Landfill restrictions have been part of the CRD waste diversion strategy since 1991 and are only implemented when viable and sustainable recycling alternatives exist. Recyclable materials banned from disposal include: drywall (1991), corrugated cardboard, directories, large appliances/white goods, tires (1993), scrap metal, aggregate, concrete, asphalt, rubble, clean soil (1995), paper fibers (1998), yard and garden material (2006), extended producer responsibility products (2011) and kitchen scraps (2015). See Banned Items for a more complete list.
Blue Box/Blue Bag icon
Under agreement with Recycle BC, the CRD provides over 123,000 single family homes in the region with curbside recycling service for packaging and paper products (PPP). The CRD curbside program is a successful three-stream recycling model which ensures the highest quality and value for marketing of the material. Since the program’s inception in 1989, over 468,000 tonnes of recyclables have been collected. Learn more about the Blue Box program.
This item/depot is for industrial, commercial or industrial quantities.
Many kitchen scraps, such as vegetables, fruits, eggshells and coffee grounds can be easily composted in a backyard composter or digester. Visit the Compost Education Centre for more information.
Construction and Demolition Waste
Waste building materials, dredging materials, tree stumps, and rubble resulting from construction, remodelling, repair, and demolition operations on houses, commercial buildings and other structures, and pavements. May contain lead, asbestos, or other hazardous materials. Conducting a home renovation? Learn steps required to ensure your waste material will be accepted for disposal.
A land site where wastes are discarded in a disorderly or haphazard fashion without regard to protecting the environment. Uncontrolled dumping is an indiscriminate and illegal form of waste disposal. Problems associated with dumps include multiplication of disease-carrying organisms and pests, fires, air and water pollution, unsightliness, loss of habitat, and personal injury.
To capture energy from waste through any of a variety of processes (e.g., burning). Many new technology incinerators are waste-to-energy recovery units.
Hazardous Waste Items icon
Household hazardous waste (HHW) includes waste from your home that you consider to be dangerous or of which you are unsure, such as pesticides, paint, oil, bleach, or other chemicals. HHW includes product marked as flammable, corrosive, explosive or poisonous. HHW is banned from disposal as garbage. Take these items to Hartland Depot for free, proper disposal.
HDPE - High density polyethylene #2
Coloured or opaque plastic used in milk jugs and some laundry products. Its recycled life: more laundry product bottles, trash bins and base cups for plastic soft drink bottles.
A method for final disposal of solid waste on land. The refuse is spread and compacted and a cover of soil applied so that effects on the environment (including public health and safety) are minimized. Under current regulations, landfills are required to have liners and leachate treatment systems to prevent contamination of ground water and surface waters. An industrial landfill disposes of non-hazardous industrial wastes. A municipal landfill disposes of domestic waste including garbage, couches, etc. This waste may include toxins that are used in the home, such as insect sprays and powders, engine oil, paints, solvents, and weed killers.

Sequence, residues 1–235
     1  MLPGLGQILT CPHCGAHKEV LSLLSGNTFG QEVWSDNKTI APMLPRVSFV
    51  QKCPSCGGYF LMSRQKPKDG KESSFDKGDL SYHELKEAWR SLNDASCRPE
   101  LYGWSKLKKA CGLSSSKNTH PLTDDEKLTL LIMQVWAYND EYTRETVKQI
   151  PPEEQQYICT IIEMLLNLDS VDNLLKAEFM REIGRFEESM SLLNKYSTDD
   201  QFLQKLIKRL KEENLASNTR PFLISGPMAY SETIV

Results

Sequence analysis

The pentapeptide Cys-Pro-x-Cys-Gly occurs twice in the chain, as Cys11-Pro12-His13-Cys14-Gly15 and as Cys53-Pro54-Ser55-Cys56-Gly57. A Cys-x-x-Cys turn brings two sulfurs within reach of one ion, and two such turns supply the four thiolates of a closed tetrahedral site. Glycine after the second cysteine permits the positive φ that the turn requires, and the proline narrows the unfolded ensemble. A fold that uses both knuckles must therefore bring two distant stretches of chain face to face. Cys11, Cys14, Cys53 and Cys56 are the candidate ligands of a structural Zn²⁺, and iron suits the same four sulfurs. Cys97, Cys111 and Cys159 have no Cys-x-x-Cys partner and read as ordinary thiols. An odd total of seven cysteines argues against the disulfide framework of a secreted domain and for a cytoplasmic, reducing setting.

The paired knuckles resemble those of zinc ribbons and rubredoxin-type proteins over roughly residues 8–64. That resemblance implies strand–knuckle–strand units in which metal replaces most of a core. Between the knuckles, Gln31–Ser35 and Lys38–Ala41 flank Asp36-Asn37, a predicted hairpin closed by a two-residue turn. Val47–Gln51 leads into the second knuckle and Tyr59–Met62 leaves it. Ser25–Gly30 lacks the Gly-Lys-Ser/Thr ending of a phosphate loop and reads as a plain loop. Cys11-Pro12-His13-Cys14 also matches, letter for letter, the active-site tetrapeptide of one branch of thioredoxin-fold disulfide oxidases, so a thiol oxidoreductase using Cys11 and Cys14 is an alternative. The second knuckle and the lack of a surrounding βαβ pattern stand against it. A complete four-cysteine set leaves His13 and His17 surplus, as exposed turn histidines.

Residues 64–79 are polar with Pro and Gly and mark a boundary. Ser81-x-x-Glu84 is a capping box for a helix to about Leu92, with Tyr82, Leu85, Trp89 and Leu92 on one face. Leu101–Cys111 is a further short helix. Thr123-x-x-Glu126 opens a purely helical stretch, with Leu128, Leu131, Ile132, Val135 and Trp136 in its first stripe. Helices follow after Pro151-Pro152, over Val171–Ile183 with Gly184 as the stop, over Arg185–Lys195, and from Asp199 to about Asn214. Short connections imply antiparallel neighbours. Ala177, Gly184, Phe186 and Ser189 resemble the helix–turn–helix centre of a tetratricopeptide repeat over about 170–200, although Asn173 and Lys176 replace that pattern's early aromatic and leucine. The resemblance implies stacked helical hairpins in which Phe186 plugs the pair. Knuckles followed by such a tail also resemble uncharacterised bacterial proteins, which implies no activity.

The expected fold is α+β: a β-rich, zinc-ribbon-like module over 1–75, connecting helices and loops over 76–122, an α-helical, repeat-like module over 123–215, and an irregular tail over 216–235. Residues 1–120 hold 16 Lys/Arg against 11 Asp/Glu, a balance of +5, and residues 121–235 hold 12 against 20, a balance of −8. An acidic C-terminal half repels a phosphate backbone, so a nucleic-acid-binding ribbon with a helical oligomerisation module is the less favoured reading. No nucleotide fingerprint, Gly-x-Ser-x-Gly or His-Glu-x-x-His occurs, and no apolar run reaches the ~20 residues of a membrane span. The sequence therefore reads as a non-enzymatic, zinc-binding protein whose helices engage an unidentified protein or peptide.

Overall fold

PETE or PET - Polyethylene terephthalate
Clear plastic used in some household cleaning product bottles, as well as in soda bottles. Its recycled life: new cleaning product bottles, carpets and insulation for winter jackets.
Post Consumer Waste
Used materials, such as empty detergent bottles and aluminum cans, that go into the trash if they are not recycled.
Scraps and trash created during the manufacturing process, such as paperboard trimmed away when making cartons.
Product Stewardship icon
BC’s industry-led product stewardship programs require producers of designated products to take extended producer responsibility (EPR) for the life-cycle management of their products, including recycling. The BC Recycling Regulation under authority of the Environmental Management Act, sets out the requirements for product stewardship in BC. The CRD supports industry-led product stewardship with participation in various provincial programs. For more information, please visit the Ministry of Environment’s website
When you see this icon on a product listing in myrecyclopedia, you know recycling opportunities exist for this product in our region.
Reusing materials and objects in original or changed forms rather than discarding them as wastes.
This item/depot can be accepted for recycling in residential quantities.
The extraction of useful materials or energy from solid waste. Such materials can include paper, glass, and metals that can be reprocessed for re-use. Resource recovery is also employed in pollution prevention.
An area where waste is dumped, then buried beneath a layer of earth. Landfills are usually equipped with a liner to reduce soil and water pollution from contaminated seepage. Hartland Depot began as an unregulated dump site in the mid-1950s. In 1985, the CRD took over operation of the site. Since that time, over $33 million has been invested in site infrastructure and environmental controls. Due to these improvements, Hartland is no longer a dump, but an engineered sanitary landfill.